House in the Dogon Country, photo: unknown, circa 1995.

13- 3H

Towards a Black Consciousness

After the first set of essays on historical and cultural issues related to Africa, part of the question "what does it mean to be Black or Afrodescendant?" starts to be visualized. Cultures can be analysed through three levels of development: we like to call it the 3H: Habitat, Habits, Hazards. In our case, regarding Black and Afro-desdendants, the 3H can be syntethised as follows:

Habitat: we belong to the Earth. Our Art reflects that. Our image of the world is not theorical or mathematic, but mainly abstract and geometric.

West African woman decorating her house, from: African Canvas (book) courtesy: Margaret Courtney-Clarke.

Habits: we inter-act socially on "body expressions", exposed between us, more than other cultures; we feel physical empathy with other Blacks and Afro-desdendants, and some outsiders too when they relate spontaneously or pay attention to us in a positive way.

Okavango woman, South West Africa, hairstyle treated with wild sisal, fat and ochre, circa 1960, photographer unknown.

Hazards: we have a mental constitution that favours an image to the world where pace and time has and order and a sense, including birth, life and death; for us, this has an advantage (we can wait for ages), and one disadvantage (with different degrees, we tend not to change our status-quo). It is interesting to compare this aspect with the Hellenistic legacy, Greece culture later expanded by Rome; it might be possible to find similar levels of relations between supreme entities, Nature and people, symbolized as myths.

West African stamp from 1958. A Mask is framed in Western logistics.

We also have a psychological structure more permeable, porous to suggestion, something White people do not understand; more open to psychic conditions (intuition, perceptions), which has an advantage (we can anticipate situations, from simple events to premonitions), and a disadvantages, young people can -under extremes circumstances- change into the wrong direction, like in the seventies and eighties, where guerrilla was spread in many regions, thanks to foreign influence (Cold War, Communism vs. Capitalism, also large corporations involved in internal politics, looking for oil, gold, water).

Afro-desdendants in the diaspora have lost contact with Nature and became detached from certain rhythm of life and its cycles; which are the core of Black African life. In part is a loss, but it has a positive side. When those cultural marks were applied to non-rational decisions, the game of suggestion had dramatic results. Irrational judgments made by tribal chiefs -attached to what spirits dictated- meant calling for arms towards tribal clashes or even the State. When Marxism got in, iliterate youngsters were recruited, ending up fighting and dying in endless civil wars.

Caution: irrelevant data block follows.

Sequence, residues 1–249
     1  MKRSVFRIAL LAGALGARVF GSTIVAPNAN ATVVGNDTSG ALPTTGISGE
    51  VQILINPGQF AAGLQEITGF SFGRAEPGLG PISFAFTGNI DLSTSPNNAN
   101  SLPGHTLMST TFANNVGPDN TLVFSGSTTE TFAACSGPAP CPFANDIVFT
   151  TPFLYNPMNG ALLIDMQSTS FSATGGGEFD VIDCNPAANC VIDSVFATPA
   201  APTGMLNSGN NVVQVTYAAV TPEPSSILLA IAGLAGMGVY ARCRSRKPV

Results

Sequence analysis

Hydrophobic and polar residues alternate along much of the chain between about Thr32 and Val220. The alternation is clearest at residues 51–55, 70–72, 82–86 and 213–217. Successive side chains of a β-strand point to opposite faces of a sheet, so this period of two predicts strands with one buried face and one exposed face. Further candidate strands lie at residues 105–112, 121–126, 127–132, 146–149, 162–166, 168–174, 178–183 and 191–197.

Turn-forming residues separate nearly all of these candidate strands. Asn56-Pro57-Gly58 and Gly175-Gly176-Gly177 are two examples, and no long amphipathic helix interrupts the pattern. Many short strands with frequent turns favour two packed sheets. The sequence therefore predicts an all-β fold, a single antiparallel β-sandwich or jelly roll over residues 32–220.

Record cover (fragment) from This Land is Mine, Dorothy Masuka, circa 1967. Woman and child from somehwere in South-west Africa. Photographer unknown.

Léopold Sedar Senghor used to mention that the West has been pouring Greco-Roman Rationalism and Empiricism in the rich Black culture; first, by the Colonizer's idioms, all Latin descent (English, French, Spanish, Portuguese), that managed to unite different ethnics in different territories. The same happened in India, which became a modern state thanks to English language: Indiands decided to keep it as their official language, because it gave cohesion to hundreds of detached sub-languages and cultures, and because English (a simple idiom to learn) became the world language. Besides, in the last few decades the collaboration between the former colonizers countries like France or the UK has been remarkable, setting up partnerships towards developing a sophisticated educational system, schools and Universities, which visibly produced a life-style improvement in countries like Sénégal, Togo, Ghana or Cameroun.

We will not discuss here what is progress and what is bringing to Humanity: quality life or self-destruction, in the latter, something we do not know yet but all indications point that it is plausible. In fact most Black Africans are part of the West, because they not only decided to follow Democratic society, but because they feel comfortable applying Free Thinking principles. In general, framed in capitalist policies with clear socialist ingredients, working well in education, commerce and industries.

The reality is that an unstoppable wave of futurist technology is now reaching every corner of Africa. Afica got in its hands the best of two worlds, they are bringing theirs to the Western world, where they feel they belong to by their own right. A poweful cultural history of arts, rich social relations and ancestral knowledge in relation with Habitat started to be taken as an example for sustainability, something industrialized countries need to analyse in detail to avoid global extinction, which seems inevitable if we do not change direction right now.

Read the next chapter, What Can You Do (if you are not Afro-desdendant), here


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